Anterior mitral leaflet curvature in the beating ovine heart: a case study using videofluoroscopic markers and subdivision surfaces

GÖKTEPE S., Bothe W., Kvitting J., Swanson J., Ingels N., Miller C., ...More

BIOMECHANICS AND MODELING IN MECHANOBIOLOGY, vol.9, no.3, pp.281-293, 2010 (SCI-Expanded) identifier identifier identifier

  • Publication Type: Article / Article
  • Volume: 9 Issue: 3
  • Publication Date: 2010
  • Doi Number: 10.1007/s10237-009-0176-z
  • Journal Indexes: Science Citation Index Expanded (SCI-EXPANDED), Scopus
  • Page Numbers: pp.281-293
  • Keywords: Mitral valve, Mitral regurgitation, Annuloplasty ring, Curvature, Subdivision surfaces, Continuity, FINITE-ELEMENT-ANALYSIS, VALVE LEAFLETS, IN-VIVO, STRESS, DEFORMATION, ALGORITHMS, GEOMETRY, BEHAVIOR, SHAPE
  • Middle East Technical University Affiliated: Yes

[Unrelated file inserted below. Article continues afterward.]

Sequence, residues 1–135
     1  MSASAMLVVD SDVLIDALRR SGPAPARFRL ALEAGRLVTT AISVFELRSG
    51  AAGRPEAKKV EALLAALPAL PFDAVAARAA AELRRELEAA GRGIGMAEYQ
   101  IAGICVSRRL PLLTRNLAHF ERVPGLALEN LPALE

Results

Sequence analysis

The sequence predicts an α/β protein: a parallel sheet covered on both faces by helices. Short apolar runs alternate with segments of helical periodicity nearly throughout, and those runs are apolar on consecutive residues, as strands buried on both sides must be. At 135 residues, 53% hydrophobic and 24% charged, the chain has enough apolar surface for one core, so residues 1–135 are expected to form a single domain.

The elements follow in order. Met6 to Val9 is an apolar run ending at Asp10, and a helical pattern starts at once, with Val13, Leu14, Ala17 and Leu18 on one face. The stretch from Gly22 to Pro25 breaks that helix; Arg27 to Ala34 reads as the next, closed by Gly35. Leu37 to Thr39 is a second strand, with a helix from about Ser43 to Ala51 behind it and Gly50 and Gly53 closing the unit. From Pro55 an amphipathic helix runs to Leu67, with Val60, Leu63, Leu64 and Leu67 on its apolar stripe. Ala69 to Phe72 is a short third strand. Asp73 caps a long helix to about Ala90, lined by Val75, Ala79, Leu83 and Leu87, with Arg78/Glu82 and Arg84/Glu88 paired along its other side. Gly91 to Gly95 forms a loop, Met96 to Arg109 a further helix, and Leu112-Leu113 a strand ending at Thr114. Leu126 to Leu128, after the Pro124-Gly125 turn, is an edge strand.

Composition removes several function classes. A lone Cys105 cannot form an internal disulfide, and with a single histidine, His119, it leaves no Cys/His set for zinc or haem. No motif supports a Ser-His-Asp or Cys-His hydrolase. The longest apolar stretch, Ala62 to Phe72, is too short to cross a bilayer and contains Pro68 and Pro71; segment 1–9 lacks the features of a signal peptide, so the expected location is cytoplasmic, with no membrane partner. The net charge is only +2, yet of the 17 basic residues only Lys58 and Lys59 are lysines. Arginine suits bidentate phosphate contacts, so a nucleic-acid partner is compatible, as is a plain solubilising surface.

The implantation of annuloplasty rings is a common surgical treatment targeted to re-establish mitral valve competence in patients with mitral regurgitation. It is hypothesized that annuloplasty ring implantation influences leaflet curvature, which in turn may considerably impair repair durability. This research is driven by the vision to design repair devices that optimize leaflet curvature to reduce valvular stress. In pursuit of this goal, the objective of this manuscript is to quantify leaflet curvature in ovine models with and without annuloplasty ring using in vivo animal data from videofluoroscopic marker analysis. We represent the surface of the anterior mitral leaflet based on 23 radiopaque markers using subdivision surfaces techniques. Quartic box-spline functions are applied to determine leaflet curvature on overlapping subdivision patches. We illustrate the virtual reconstruction of the leaflet surface for both interpolating and approximating algorithms. Different scalar-valued metrics are introduced to quantify leaflet curvature in the beating heart using the approximating subdivision scheme. To explore the impact of annuloplasty ring implantation, we analyze ring-induced curvature changes at characteristic instances throughout the cardiac cycle. The presented results demonstrate that the fully automated subdivision surface procedure can successfully reconstruct a smooth representation of the anterior mitral valve from a limited number of markers at a high temporal resolution of approximately 60 frames per minute.